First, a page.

Image: W.L. Gore

Lightweight and able to transfer data at up to 100 Gbps, fiber-optic cables will soon be commonplace on board aircraft, according to W.L. Gore.

Copper cabling may not cut it in the long term when it comes to delivering data via next-generation standards of Ethernet, HDMI or USB for avionics, cabin management, high-resolution digital video and weather radar systems, said Jeremy Moore, product specialist at W.L. Gore, a manufacturing company specializing in products derived from fluoropolymers. “You can only go so far with copper. It’s physics. Once you start running faster protocols that go beyond 10 gigabits per second (Gbps), the cable requires heavier gauge copper to run the same distances between your boxes and your servers, so you have to move to fiber-optic.”

Lightweight, with the ability to transfer data at up to 100 Gbps, and handle longer, more complex routing, optical fiber passes aerospace flammability, smoke and toxicity requirements and has many qualities that make it superior to copper. But it is also extremely delicate to handle – so much so that OEMs and airlines refrain from using the material to avoid the implications and additional costs that could come with a challenging installation.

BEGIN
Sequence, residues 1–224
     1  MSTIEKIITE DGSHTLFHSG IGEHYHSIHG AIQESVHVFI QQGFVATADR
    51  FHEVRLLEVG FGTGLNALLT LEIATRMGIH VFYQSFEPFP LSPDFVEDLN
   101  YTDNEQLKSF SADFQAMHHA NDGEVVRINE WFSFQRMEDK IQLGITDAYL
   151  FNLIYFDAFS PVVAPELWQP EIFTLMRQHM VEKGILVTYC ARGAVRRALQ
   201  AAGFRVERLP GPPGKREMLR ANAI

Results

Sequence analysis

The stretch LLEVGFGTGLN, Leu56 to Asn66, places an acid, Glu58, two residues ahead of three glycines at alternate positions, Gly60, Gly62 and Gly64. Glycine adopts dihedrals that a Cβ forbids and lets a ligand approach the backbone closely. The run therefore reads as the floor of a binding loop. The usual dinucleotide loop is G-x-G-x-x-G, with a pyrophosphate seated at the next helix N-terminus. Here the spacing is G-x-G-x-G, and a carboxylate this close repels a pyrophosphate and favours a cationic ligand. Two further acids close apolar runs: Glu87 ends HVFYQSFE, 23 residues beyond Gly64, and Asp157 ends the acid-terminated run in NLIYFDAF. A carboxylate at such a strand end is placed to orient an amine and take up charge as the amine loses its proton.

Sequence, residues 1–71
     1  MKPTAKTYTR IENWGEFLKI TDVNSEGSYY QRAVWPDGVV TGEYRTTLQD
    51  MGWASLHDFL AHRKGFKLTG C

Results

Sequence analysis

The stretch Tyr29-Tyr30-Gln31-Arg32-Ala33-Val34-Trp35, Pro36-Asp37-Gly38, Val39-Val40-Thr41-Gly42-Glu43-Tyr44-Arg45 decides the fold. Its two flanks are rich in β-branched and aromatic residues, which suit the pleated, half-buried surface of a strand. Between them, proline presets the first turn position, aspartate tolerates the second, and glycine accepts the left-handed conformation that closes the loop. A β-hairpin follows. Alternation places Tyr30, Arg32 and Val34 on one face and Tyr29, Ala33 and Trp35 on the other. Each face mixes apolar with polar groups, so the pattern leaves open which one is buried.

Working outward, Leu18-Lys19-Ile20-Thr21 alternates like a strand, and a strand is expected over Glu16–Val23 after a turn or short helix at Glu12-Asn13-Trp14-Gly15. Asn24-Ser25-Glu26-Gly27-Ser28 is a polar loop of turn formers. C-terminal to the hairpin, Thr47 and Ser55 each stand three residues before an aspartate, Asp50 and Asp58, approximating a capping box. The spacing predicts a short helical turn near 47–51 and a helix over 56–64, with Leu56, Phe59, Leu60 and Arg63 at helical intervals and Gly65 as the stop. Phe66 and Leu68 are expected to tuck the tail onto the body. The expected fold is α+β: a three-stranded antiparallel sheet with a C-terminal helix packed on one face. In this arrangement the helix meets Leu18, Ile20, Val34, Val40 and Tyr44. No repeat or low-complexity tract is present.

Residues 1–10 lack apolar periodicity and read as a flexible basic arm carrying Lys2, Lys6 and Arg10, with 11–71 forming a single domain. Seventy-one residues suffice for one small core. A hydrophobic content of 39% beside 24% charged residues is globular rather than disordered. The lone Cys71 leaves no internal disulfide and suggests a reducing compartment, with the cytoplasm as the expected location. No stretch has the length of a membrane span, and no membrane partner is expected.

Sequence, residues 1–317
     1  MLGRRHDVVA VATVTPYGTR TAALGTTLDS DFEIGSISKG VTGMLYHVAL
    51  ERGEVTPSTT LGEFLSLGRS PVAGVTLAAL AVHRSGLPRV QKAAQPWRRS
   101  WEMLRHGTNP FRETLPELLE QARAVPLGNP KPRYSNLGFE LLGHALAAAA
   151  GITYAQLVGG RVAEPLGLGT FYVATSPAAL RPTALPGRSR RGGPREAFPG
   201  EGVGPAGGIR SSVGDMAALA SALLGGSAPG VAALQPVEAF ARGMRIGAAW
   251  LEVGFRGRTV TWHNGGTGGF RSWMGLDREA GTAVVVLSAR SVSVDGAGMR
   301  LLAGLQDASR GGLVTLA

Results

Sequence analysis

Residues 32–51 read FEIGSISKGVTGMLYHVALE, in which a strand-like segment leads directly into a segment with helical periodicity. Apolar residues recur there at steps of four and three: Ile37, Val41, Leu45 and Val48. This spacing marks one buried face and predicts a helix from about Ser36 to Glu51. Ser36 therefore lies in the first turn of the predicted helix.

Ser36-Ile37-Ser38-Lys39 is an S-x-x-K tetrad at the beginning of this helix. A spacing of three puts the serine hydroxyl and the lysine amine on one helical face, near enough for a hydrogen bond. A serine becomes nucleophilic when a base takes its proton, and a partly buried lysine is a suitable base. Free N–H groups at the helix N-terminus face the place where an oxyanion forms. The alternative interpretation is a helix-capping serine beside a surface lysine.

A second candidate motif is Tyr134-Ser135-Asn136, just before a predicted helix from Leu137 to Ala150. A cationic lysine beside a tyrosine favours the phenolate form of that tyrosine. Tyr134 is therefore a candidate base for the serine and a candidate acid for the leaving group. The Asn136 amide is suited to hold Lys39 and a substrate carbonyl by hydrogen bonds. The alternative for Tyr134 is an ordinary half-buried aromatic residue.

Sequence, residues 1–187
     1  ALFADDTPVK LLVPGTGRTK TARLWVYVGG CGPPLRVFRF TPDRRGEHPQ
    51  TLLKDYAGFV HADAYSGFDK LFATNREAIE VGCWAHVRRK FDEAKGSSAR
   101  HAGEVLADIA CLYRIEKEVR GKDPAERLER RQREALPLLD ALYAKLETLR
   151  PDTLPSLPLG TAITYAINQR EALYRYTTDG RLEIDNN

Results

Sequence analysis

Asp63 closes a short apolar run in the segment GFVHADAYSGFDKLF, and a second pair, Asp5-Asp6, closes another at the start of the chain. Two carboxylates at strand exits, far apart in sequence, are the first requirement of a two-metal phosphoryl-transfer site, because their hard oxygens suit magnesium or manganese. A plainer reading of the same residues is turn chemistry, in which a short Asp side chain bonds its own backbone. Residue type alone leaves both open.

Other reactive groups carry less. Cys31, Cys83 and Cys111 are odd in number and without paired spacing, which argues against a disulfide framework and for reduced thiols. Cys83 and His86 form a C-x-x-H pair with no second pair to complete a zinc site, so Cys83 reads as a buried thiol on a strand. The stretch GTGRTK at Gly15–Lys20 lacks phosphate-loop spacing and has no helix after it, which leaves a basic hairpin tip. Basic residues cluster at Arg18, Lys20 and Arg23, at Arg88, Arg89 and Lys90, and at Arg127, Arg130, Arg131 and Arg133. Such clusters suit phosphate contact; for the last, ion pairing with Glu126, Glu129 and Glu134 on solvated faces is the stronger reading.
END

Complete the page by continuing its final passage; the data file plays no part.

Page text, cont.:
W.L. Gore, however, has this problem figured out. Its 1.8-mm Simplex cables are agnostic to fiber glass types and feature a multilayered casing to protect and create a buffer around the precious optical fiber. “Our packaging is the reason why we have this robust fiber-optic cable,” Moore said. “It acts like a crash helmet.”

Through rigorous testing, W.L. Gore has proven that the cables can maintain signal integrity over a range of temperatures and abrasions and overcome tight bends that result from bunching and squeezing multiples into tight, space-constrained areas inside the aircraft. Impact resistance has even been tested to a standard required to pass a thicker, 2.5-mm fiberoptic cable to ensure the 1.8-mm cable well surpasses the criteria for its category.

As airlines collect more flight data from avionics networks, cabin management, digital video and weather radar systems, Moore said, optical fiber on aircraft will be more commonplace. “We’re hitting a point in the industry where airlines are going to need to switch to fiber-optic to achieve the amount of data transfer they need,” he said.